Standard & Poor’s released the latest Case-Shiller data on house prices on Tuesday, and the results weren’t pretty. In the past five years, house prices have declined to 2003 levels, and the average home declined in price by 3.9 percent over the last year alone. National politicians are scrambling to reverse the trend. But the remedy lies in state houses and town halls.
Two weeks ago, both Republicans and Democrats in Congress cited the struggling housing market as their reason for extending an “emergency” subsidy for homebuyers. The taxpayer-backed Federal Housing Administration will continue to guarantee mortgages on houses worth as much as $729,500, something it has done for three years. No middle-class family can afford such a home. But the home-builders lobby argued that a reduction in the guarantee would mean less demand and thus lower home prices not just at the top, but throughout the market. If you can buy an “expensive” bottle of wine for cheap, why buy the cheap bottle? The same thing goes for houses: When expensive houses become cheaper, there is less demand — and thus lower prices — for even cheaper houses.
No matter how hard Washington tries, though, it can’t legislate away reality. And the reality is that even half a decade into a housing slump, Americans still have good reasons to be wary of plunking down their hard-earned cash and signing up for a long-term mortgage. These reasons are closer to, well, home, than to Washington.
A house is worth what a buyer is willing to pay for it in monthly costs. That’s why if mortgage interest rates go down, house prices go up (or at least fall less than they would have otherwise). When a potential homeowner has to spend less on mortgage interest, he can devote more money to paying principal, and therefore is willing to make higher bids. So the house is “worth” more — at least until interest rates rise again.
But when you buy a house, you’re not just committing to a mortgage. You are also promising to pay the future property taxes on that house. What drives those local property taxes are the future costs of paying state and local workers and retirees, particularly retirees’ pensions and health care. These costs are going in one direction: up.
Unless state and local governments take steps now to reduce future costs, or unless they plan on suddenly repudiating their promises to their public-sector work forces one day, every dollar in unfunded pension and health-care costs is up to a dollar less in the future value of a house.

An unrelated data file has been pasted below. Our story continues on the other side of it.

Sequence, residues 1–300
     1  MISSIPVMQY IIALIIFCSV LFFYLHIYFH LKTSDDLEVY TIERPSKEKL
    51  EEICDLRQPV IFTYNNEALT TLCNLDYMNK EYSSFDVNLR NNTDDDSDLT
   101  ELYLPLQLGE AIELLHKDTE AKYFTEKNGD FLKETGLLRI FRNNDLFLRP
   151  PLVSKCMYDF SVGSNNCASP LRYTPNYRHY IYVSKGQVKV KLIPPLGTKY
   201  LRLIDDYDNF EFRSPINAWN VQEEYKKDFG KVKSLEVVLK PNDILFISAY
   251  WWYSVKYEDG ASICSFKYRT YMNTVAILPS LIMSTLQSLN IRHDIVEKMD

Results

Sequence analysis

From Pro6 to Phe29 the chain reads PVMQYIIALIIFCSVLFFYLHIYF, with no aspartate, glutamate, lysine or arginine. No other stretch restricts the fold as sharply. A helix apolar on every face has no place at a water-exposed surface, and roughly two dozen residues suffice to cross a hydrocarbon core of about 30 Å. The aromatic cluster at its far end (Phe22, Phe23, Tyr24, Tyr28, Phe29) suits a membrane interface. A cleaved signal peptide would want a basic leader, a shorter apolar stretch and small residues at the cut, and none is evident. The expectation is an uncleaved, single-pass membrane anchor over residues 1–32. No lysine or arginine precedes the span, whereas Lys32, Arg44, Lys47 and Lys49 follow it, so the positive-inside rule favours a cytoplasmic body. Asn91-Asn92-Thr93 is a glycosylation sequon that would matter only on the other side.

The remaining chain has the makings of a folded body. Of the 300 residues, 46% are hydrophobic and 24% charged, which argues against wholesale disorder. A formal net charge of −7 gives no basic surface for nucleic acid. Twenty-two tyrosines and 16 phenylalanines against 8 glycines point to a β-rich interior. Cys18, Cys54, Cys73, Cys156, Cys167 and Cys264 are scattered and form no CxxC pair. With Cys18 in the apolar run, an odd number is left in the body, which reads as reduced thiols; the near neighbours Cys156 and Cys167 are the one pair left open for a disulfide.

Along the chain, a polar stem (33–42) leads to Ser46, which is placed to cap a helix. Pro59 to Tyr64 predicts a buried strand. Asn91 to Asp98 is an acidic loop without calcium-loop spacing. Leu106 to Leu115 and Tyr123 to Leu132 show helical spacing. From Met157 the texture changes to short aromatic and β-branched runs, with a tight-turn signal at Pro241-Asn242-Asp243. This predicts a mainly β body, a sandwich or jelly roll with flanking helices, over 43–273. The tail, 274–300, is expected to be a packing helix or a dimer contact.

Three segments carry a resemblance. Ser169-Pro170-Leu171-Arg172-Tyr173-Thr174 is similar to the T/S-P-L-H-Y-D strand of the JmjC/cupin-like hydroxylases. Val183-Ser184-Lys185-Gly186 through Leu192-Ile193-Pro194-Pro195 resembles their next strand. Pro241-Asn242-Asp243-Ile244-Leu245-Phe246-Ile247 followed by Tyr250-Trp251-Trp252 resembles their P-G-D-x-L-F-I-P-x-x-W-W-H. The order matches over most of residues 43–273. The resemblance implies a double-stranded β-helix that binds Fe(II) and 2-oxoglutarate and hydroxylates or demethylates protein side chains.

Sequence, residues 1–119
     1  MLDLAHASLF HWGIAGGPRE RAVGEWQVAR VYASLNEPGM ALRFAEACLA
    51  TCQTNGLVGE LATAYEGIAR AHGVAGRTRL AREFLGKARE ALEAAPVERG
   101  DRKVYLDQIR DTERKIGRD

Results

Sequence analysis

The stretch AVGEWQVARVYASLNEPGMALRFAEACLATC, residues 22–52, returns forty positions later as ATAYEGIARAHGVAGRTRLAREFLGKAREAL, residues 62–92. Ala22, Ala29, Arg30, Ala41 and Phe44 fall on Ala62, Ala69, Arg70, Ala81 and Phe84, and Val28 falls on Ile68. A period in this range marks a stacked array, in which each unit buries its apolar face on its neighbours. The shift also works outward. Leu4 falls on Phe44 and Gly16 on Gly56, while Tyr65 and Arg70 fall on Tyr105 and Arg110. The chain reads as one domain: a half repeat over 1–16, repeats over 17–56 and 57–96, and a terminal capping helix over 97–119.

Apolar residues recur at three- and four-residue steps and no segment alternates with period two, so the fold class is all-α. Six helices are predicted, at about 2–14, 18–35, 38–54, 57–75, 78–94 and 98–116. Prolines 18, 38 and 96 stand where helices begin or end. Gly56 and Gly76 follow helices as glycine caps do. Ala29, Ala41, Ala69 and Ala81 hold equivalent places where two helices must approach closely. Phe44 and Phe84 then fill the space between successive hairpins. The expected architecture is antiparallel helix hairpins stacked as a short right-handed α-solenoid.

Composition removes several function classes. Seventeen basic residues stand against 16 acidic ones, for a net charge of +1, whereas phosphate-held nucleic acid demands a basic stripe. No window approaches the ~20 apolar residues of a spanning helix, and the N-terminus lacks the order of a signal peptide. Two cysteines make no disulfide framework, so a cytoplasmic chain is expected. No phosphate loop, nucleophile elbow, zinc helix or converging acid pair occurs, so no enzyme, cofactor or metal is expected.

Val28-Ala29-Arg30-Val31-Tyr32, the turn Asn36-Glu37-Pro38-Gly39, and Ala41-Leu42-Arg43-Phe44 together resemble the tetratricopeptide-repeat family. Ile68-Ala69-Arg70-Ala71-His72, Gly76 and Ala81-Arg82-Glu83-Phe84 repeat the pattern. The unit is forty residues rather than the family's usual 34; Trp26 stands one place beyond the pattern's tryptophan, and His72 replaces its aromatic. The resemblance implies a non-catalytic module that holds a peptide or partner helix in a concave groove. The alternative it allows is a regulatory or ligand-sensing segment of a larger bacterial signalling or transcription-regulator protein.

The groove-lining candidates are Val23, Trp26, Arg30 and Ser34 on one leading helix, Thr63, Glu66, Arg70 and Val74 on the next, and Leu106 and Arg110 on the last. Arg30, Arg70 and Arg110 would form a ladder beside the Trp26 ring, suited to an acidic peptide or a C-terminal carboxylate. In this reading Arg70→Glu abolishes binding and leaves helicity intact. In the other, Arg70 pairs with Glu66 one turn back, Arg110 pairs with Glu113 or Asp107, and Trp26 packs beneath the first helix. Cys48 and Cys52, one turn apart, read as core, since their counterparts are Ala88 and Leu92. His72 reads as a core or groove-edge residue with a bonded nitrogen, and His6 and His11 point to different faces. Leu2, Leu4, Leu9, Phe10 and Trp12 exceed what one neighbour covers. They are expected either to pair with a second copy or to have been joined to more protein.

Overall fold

Take one example, New York’s Westchester County, the highest-taxed county in the nation. According to the Tax Foundation, property taxes in Westchester average $9,044 annually — up by $1,707, or 23 percent, in the five years from 2005 to 2009. Inflation accounts for less than half of the increase.
What if property taxes in Westchester were to increase by another 23 percent, to $11,124, in the next half decade, or even the next decade? That’s an extra $2,080 in annual costs per house, or nearly $175 every month. Even after deducting these levies from his federal tax bill, a homeowner would end up losing $1,456 a year. Families that considered buying a house would sensibly lop that extra amount off the price they are willing to pay — and the seller would lose about $23,500 in investment value.
When houses prices were skyrocketing, nobody cared. The force of the bubble seemed strong enough to overcome such cash outflows. But now that the bubble has burst, these costs are much more real.
Westchester may be an extreme case. But in New York State, counties, villages, towns, and school districts (excluding New York City) have made about $28.7 billion in health-care promises to future retirees without setting aside any money to pay these bills. That money has to come from somewhere.
A home buyer should consider part of this projected burden to be a call on the future resale value of his house. New Jersey, California, and other states have made similar promises with their residents’ home equity.
Yes, it’s true that New York and New Jersey recently enacted caps on property-tax hikes, and California has long had such a cap. But unless state and local governments rein in costs, local governments will have no choices but to find a way around these caps. The New York and New Jersey caps already feature generous loopholes, allowing local governments to increase taxes above the cap to pay pension and some debt costs.
Moreover, if local governments can’t pay their bills through property taxes, they’ll try to get the money from taxpayers by some other route, likely state income taxes. In the past few days, New York governor Andrew Cuomo has seemed to be backing away from a pledge to allow a “temporary” income-tax surcharge on six- and seven-figure earners to expire.
Higher state income taxes similarly mean less discretionary income for taxpayers — and thus less money available to spend on housing. Less money in a future taxpayer’s pocket means less money for today’s homeowner when he wants to sell his house tomorrow.
Washington can continue to take extraordinary measures to prop home prices up. But forces at the state and local level are pulling prices down.
— Nicole Gelinas is a contributing editor to the Manhattan Institute’s City Journal.